TMJ symptoms overlap with ME symptoms as much as ME symptoms overlap with athritis .ME is not a chronic pain condition but it is a neuroimmuno endocrine condition.None of the others are.This appears to me to be yet more muddying of the waters.Calling ME/cfs a chronic pain disorder is medically incorrect and something I find personally insulting.I dont know how others feel on the matter.I would have thought that a patient advocative group would at least use an accurate description of the disorder.Of all the thousands of papers researching into the causation of ME/cfs none have described it as a chronic pain disorder.

    Why on earth are the CAA trivulising the condition using such a name.
  3. jspotila

    jspotila Senior Member

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    This is not directed at you personally, Gerwyn, but I get whiplash trying to keep track of all the different "most important" things people want the Association to do. Research the cause! Get more federal funding! Change the website! Change that other website! Communicate with patients! Work with other groups! And so on and so on. Sorry if my frustration is showing.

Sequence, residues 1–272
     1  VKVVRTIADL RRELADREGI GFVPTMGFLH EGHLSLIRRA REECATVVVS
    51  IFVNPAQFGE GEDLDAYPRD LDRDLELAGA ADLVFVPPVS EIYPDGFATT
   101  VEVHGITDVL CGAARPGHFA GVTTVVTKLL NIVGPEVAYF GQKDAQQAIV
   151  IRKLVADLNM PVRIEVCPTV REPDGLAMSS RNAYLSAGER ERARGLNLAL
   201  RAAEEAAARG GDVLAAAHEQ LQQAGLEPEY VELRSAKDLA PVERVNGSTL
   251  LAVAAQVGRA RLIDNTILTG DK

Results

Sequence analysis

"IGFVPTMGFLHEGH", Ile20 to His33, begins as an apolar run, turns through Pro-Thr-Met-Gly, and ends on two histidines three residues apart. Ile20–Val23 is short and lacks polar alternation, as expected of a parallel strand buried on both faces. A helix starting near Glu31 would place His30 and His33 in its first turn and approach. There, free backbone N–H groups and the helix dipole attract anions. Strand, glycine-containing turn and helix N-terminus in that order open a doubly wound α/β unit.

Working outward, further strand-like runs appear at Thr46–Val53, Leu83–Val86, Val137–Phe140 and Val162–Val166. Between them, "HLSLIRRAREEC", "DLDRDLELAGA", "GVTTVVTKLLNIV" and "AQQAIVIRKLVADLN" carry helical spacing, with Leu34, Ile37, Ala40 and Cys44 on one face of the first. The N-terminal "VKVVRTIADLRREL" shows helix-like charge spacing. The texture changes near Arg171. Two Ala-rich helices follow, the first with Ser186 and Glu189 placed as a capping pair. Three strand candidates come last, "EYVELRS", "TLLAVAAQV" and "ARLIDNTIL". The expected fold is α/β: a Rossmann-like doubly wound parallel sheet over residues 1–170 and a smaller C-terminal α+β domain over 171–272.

To your other points, Gerwyn, here is the description of the overlap of these conditions from the Overlapping Conditions Alliance website:

  4. Gerwyn

    Gerwyn Guest

    If they get thigs right in the firstplace Jenny there is no need to change.

    There is no medical connection between the conditions highlighted in the webinair.

    The cause of all apart from Me is fully understood.

    The content of the website is scientifically incorrect.

    Those conditions do not in anyway overlap with ME and the CAA should not be implying that they do.

    Rheumatoid athritis and osteoathritis are both conditions causing chronic pain but no one with any Medical knowledge would call them overlapping conditions.

    It is this type of nonsense that people persistently complain about but the CAA keeps engaging in.

    If the management wants fewer criticisms then the people involved should stop acting as agents of their own downfall rather than blaming the critics.

    This is by the way no reflection on you just exasperation on my part. It does not take that much time or effort to get the fundamentals of the medicine and the science right..This is what fustrates so many of us!
  5. Otis

    Otis Señor Mumbler

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    Jennie,

    A few of comments/questions, which may to a degree overlap with Gerwin's comments.

    Pain is not required for a CFS Dx so I have trouble with categorizing it as a chronic pain syndrome. In many cases it is, including mine, but again not by all patients.